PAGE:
When Bankers Collide

MALCOLM MAIDEN: Matthew Grounds and Alastair Lucas, the corporate crashes and scandals that adopted the 1990s boom led to tough new rules of engagement for securities marketplaces players and companies. You head up the Australian investment bank advisory businesses of UBS and Goldman Sachs JBWere, respectively, big global investment bank combines that also trade, lend and spend money on the markets. From your vantage point, is the idea of a global, one-stop-investment banking shop as attractive now as it used to be before the regulatory changes?

Are the shop firms that concentrate on merger and acquisition advice more practical? MATTHEW GROUNDS: Global investment banking institutions and boutiques offer different services, and almost always there is room for both. Boutiques can’t offer all the assistance and do not say that they actually, but there’s always going to be always a place on their behalf.

I don’t believe that there surely is whatever has happened on the market which has really had an impact on that. ALASTAIR LUCAS: We’ve used the US restrictions: the border between investment banking and research is greater than it was before, for example. But by the end of the day, the investment banking part and the trading aspect of a built-in investment bank or investment company are available of buying and offering securities. That’s all a takeover is: takeover offence is buying securities and takeover defence is offering securities, so we’re not finding as an integrated bank or investment company is a disadvantage.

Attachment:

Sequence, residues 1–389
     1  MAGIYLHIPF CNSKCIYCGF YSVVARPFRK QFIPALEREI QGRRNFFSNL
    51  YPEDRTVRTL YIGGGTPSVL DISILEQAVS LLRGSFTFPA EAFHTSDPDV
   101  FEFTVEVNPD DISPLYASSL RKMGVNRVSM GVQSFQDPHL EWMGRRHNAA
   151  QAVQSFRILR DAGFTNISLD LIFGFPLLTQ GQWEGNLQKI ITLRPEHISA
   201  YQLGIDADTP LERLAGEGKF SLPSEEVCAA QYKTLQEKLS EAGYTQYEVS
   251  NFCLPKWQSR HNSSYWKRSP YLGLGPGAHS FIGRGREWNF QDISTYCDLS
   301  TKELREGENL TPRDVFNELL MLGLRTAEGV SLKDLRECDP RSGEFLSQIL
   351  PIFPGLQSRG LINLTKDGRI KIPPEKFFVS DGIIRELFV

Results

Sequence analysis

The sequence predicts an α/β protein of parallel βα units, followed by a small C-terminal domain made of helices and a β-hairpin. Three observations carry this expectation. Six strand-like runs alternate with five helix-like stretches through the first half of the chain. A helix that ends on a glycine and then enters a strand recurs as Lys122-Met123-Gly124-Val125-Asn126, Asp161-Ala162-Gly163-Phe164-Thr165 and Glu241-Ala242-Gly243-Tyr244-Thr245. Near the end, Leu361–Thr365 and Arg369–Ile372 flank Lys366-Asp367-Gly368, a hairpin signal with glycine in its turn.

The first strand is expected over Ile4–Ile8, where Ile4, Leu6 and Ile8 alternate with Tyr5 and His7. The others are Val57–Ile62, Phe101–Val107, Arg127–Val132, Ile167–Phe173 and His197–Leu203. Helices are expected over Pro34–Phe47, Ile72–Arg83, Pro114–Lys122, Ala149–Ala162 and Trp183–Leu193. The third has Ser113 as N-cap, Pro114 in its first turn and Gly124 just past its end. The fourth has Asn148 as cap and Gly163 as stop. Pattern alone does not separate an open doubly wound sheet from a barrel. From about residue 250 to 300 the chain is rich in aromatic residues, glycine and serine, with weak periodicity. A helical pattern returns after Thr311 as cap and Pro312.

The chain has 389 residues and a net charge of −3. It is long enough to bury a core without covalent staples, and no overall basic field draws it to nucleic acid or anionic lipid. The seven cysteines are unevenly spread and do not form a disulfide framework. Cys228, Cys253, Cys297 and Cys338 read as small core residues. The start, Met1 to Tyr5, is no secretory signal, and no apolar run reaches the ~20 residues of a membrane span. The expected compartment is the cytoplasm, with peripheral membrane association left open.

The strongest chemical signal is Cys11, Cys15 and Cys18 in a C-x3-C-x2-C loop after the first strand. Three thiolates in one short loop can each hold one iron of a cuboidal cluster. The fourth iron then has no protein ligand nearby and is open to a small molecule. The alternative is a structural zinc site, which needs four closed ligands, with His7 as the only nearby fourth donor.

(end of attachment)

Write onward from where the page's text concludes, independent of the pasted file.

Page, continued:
Relationships remain the key to the business, whether you’re a store or a bank or investment company – but we think it’s an advantage to have market makers as part of our team. MAIDEN: Peter Hunt and John Wylie, you lead two of our best-known shop advisory homes, Carnegie Wylie, and Caliburn – do you agree with the fact? PETER HUNT: Boutiques will always be part of the Australian landscape, back from the birth of investment bank in the ’70s.

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But, when we started Caliburn seven years and discussed self-reliance ago, a number of corporates would think it is quite difficult to comprehend why self-reliance, of itself, was a competitive benefit. GROUNDS: Peter, I have no idea any investor who’s run the invest-ment banking business of UBS in Australasia. LUCAS: And I could assure you Hank Paulson (global mind of Goldman Sachs) is an invest-ment banker. JOHN WYLIE: But Jon Corzine was operating Goldman before him, and he was a investor.

PETER HUNT: And with Hank Paulson departing Goldman to be US Treasury Secretary, his likely successor, Lloyd Blankfein, does come from the trading table. GROUNDS: But what exactly are these issues you refer to? WYLIE: I could try that. The current model of the global investment bank or investment company was a product of the early stage of the global-isation of the financial markets.